Liu Xia: Right. Let me give an example of how unfree I was in China. Every night, the outside door to the building Xiaobo and I lived in was chained closed with a great iron chain. Who could imagine living this way? Then when I came to Germany . . . well, before I got on the airplane I took a lot of medicine, so I was foggy at first, but I later discovered that, in my so-called freedom, I had become a debtor. People came to me one after another saying “you should thank X,” “you need to thank Y,” “I’ve done this for you,” “I’ve done that for you,” and on and on—until I realized that, “I am free but have become everyone’s debtor.” Finally I said, “How about bringing all the creditors together in one place and letting me get the thanking over with all at once?” I did not doubt that many people had, for years, meant well as they sent letters and presents to me in China. But didn’t get any of them. Not even a postcard. The police always said I had no mail. So in Germany I often was expected to thank people for things that in fact had gone to the police. I could only fake my gratitude.

Ai Weiwei: Let’s turn to a less depressing topic and talk about art. When did you start doing artistic photography, and why? I remember you also began writing poetry in the early 1980s. What did the poetry and photography do for you? Bring happiness? Allow you to vent feelings? Transcend? What? And how did your art fit in with other things in your life?

Liu Xia (laughing): I don’t know. For the poetry, maybe it was because there were things I couldn’t digest, and poetry helped me digest them.

Ai Weiwei: Your poetry and art back then was different from what people normally think of as poetry and art because you couldn’t have viewers—or very few, anyway, like Xiaobo himself. Even in the Soviet Union or communist Eastern Europe, there was always at least a little space for free art—in salons or in underground publications. In China, though, such things basically did not exist. An artist without viewers is an incomplete circle, no? How did you feel about this problem?

Liu Xia: My art was basically for my own amusement. If I had a bit of energy I’d do a few photos—or some poems, or a painting. I didn’t think beyond that level.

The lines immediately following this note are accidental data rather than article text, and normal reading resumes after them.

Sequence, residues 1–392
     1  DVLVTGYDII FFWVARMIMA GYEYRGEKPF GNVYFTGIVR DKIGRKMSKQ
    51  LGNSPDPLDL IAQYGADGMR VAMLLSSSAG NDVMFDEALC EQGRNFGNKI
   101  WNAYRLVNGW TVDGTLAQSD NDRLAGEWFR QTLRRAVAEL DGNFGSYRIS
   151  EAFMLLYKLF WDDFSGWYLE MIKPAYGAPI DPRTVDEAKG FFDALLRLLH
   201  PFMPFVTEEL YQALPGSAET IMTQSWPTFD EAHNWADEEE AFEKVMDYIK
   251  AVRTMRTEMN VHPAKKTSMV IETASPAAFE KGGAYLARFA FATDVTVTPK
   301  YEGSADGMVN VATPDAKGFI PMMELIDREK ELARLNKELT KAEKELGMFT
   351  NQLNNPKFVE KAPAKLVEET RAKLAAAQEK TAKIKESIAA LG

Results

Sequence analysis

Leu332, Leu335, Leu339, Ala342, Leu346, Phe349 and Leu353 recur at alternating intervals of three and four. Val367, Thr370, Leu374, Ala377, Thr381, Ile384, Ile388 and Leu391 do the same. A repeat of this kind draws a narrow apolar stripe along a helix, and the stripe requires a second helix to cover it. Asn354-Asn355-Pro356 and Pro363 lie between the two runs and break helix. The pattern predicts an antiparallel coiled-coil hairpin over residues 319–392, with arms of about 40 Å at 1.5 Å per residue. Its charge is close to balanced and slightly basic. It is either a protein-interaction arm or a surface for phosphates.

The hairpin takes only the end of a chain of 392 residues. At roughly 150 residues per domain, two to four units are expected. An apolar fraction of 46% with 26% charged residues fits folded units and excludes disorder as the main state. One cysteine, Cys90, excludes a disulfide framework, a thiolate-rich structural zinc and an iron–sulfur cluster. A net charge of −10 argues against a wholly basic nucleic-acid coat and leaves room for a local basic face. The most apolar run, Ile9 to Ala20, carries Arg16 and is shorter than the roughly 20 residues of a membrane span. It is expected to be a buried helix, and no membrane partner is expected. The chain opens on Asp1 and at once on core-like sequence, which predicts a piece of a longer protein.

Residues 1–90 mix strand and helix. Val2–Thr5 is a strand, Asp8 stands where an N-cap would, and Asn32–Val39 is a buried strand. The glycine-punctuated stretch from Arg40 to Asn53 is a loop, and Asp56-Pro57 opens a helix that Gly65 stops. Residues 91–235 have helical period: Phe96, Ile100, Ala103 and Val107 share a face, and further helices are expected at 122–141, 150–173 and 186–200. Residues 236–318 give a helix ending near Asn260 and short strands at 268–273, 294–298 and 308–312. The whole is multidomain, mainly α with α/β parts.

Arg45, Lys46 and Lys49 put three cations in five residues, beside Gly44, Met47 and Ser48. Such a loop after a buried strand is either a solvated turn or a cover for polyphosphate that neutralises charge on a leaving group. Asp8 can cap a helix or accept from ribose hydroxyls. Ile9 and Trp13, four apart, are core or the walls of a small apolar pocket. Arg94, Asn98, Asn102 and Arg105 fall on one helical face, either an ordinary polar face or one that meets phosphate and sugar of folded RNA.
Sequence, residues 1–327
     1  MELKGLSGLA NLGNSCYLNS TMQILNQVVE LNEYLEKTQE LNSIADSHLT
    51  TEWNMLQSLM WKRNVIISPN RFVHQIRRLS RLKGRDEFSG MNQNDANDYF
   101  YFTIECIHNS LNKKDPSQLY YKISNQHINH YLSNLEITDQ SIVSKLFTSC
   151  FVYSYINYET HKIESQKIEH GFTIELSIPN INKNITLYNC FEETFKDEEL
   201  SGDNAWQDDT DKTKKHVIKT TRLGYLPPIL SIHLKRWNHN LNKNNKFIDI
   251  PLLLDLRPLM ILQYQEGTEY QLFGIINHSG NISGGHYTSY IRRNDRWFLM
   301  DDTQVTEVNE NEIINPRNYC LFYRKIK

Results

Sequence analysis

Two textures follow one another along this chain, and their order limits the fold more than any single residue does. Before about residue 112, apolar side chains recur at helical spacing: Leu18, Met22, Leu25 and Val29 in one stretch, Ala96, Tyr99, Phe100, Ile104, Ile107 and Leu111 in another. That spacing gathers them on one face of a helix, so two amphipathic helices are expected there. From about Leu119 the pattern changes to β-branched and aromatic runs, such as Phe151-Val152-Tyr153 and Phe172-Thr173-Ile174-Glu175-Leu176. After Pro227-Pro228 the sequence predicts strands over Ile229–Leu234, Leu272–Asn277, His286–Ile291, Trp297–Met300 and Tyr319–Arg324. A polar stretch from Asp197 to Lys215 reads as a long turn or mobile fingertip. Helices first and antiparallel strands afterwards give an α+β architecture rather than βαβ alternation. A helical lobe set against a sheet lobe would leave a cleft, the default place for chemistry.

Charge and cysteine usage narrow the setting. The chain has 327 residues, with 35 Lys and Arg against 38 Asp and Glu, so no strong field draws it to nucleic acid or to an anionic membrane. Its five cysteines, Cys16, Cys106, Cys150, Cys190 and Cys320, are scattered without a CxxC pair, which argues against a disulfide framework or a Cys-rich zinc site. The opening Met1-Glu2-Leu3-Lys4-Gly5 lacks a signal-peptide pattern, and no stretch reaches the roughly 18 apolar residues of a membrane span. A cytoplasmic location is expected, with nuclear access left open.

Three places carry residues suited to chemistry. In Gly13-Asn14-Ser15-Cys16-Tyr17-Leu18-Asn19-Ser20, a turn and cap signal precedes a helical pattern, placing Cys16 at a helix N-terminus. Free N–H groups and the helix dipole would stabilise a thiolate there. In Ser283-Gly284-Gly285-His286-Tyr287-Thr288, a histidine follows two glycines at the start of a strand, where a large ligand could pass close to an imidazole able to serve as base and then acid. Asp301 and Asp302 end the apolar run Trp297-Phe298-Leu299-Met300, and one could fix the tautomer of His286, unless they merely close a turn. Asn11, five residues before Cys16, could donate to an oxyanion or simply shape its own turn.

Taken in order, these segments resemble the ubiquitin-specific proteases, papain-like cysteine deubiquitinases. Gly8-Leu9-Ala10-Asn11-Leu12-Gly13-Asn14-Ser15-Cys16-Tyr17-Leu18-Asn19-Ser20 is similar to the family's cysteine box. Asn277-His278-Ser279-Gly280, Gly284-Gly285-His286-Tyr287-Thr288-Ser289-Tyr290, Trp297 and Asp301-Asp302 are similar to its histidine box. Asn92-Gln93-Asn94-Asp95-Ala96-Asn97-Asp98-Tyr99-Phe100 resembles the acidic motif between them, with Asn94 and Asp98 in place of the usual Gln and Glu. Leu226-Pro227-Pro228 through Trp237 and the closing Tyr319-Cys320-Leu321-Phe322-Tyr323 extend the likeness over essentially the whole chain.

Perry Link (turning to Ai Weiwei): And you? Where does your inspiration to do art come from?

Ai Weiwei: Maybe I’ll answer directly in English.

Perry Link: Good. That gives me a rest. But Liu Xia...?

Ai Weiwei: She doesn’t care anyway. (Audience laughs.)

Perry Link (to Liu Xia): He says you don’t care where his inspiration comes from.

Liu Xia: (nods)

Alexander Paul Englert

(From left to right) Ai Weiwei, Perry Link, and Liu Xia at an event in Frankfurt, Germany, May 4, 2019.

Ai Weiwei: I did not start out loving art. When I was a boy, it was dangerous to be an artist or a poet. It could make you an “enemy of the people,” which was one of the highest crimes. My father Ai Qing spent 20 years in a labor camp for being a poet. And he had plenty of company. Not just famous poets and artists but translators, school teachers, or anybody who expressed an independent opinion—or not even an expressed opinion but just a slightly different attitude or style—could be punished. There were millions of victims. So, when I grew up, declaring oneself an artist seemed almost the first step toward suicide. Nobody wanted to be an artist, and before long that attitude was accepted as a given. It was normal. It was like the weather. You can like the weather or hate the weather but you don’t choose the weather. You adjust. Weird things become normal. Right until today, China’s rulers like to frame China as a special case. We have this-or-that “with Chinese characteristics,” they like to say. In today’s inter-connected world this is becoming harder and harder to maintain, but they still try.